Compensation in the form of salary is the biggest piece of the benefits pie and a pair of recent surveys suggests modest pay increases for 2013 should be considered the new normal.
According to Buck Consultants’ Compensation Planning Survey, the median salary increase in 2013 will be 3% as employers continue to be cautious with their salary budgets.
“I think this is a trend that will continue until we see fairly significant economic growth,” says David Van De Voort, a principal with Buck. “Employers aren’t going to spend any more on employee salaries than they absolutely have to.”
And while pay increase budgets at U.S. companies have picked up slightly from all-time lows in 2009, the upward movement isn’t coming from organizations awarding larger pay increases, according to WorldatWork’s 2012-2013 Salary Budget Survey. Instead, it stems from fewer organizations reporting 0% increases or frozen salary budgets. In 2009, 33% of companies reported frozen salary budgets while in 2012, 5% of companies reported frozen salary budgets. The average pay increase budget for 2012, according to the WorldatWork data, is 2.8%.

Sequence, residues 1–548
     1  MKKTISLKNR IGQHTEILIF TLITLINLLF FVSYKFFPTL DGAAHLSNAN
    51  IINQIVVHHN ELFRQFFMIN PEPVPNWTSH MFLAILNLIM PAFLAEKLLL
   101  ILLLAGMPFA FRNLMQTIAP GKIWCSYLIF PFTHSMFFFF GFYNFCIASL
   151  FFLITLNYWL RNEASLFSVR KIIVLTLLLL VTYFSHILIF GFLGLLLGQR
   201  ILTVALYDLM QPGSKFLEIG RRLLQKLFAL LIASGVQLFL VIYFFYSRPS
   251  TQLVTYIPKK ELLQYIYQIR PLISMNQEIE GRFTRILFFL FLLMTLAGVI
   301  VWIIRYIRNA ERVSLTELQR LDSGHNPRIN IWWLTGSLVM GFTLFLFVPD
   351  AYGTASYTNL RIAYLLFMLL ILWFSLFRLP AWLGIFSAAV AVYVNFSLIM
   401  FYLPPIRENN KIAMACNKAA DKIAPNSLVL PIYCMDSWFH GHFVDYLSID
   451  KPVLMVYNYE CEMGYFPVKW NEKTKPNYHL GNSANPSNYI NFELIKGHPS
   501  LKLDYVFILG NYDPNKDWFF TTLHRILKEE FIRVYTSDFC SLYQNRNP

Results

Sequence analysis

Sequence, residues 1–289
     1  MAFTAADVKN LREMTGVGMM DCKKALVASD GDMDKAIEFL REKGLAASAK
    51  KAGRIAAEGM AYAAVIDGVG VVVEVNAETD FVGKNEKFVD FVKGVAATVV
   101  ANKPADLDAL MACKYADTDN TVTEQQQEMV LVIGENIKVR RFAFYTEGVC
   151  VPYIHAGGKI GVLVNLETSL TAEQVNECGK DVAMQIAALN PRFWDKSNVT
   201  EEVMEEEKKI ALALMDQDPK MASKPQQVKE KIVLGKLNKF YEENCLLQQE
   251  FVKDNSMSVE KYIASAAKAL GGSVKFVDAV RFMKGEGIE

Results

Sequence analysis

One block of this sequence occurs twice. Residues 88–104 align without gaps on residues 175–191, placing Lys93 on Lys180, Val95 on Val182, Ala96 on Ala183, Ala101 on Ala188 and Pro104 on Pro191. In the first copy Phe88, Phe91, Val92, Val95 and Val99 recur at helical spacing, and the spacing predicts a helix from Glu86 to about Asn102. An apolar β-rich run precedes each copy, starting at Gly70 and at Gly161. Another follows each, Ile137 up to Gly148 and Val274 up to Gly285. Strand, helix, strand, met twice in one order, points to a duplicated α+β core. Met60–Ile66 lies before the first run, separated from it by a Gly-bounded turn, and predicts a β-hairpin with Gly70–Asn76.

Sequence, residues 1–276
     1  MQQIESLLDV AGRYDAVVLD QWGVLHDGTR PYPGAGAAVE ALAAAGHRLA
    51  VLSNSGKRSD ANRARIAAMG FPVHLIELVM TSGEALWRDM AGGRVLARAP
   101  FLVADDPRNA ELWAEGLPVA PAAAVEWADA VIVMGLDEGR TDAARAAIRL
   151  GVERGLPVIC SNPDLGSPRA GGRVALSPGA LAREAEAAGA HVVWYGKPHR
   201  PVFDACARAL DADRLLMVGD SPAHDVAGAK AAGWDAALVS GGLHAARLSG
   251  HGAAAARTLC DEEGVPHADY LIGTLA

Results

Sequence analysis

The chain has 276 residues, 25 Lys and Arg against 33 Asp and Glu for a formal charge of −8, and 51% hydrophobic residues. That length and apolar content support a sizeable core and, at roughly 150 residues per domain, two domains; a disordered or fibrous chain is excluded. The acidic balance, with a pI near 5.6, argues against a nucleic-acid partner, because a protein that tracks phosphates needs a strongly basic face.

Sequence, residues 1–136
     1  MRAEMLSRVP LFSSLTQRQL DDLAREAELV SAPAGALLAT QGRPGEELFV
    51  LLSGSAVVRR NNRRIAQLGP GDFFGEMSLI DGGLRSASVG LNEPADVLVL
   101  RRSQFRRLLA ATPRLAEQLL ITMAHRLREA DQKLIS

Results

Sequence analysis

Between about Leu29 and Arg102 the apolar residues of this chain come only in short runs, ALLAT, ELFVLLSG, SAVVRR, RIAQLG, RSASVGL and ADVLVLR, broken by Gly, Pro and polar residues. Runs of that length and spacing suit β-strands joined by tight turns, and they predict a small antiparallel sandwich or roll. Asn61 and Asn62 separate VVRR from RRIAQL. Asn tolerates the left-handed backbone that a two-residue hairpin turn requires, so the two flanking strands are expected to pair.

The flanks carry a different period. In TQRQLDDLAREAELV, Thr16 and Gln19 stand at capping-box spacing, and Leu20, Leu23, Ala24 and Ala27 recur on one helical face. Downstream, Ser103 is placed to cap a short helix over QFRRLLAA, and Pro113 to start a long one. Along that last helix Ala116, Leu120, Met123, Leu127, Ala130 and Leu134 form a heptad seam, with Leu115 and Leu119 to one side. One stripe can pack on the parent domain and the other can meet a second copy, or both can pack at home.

“One thing we hear more and more of is that budgets are only guidelines and that companies will set budgets, but really only spend the money based on the actual results they experience,” says Van De Voort. “Twenty years ago, the finance function expected the budget to be adhered to. But economic conditions have been so volatile that budgets are perceived as variable based on what actually happens.”
About two-thirds (67%) of the companies surveyed by Buck said they would focus on retaining top talent in 2013, 46% are planning for normal hiring and 19% expect to add staff.
“Where they do spend money is on a focused basis — on a rifle shot, rather than a shotgun basis,” says Van De Voort. “Rather than provide a raise for all employees, they’ll focus on top performers.”
Employees may be getting modest pay increases but are also being asked to contribute more to their health care benefits. This is a trend Van De Voort expects to continue. “Employers are looking to control contributions to their expense around benefits and will ask employees to bear more of that burden.”
Small employers, meanwhile, may be even more conservative in their salary budgets. “The companies that respond to these surveys tend to be larger companies so the practices of smaller companies are not represented,” says Van De Voort. “And we know anecdotally that small companies are even more conservative, or more variable, than larger companies. They don’t run with the pack as much.”
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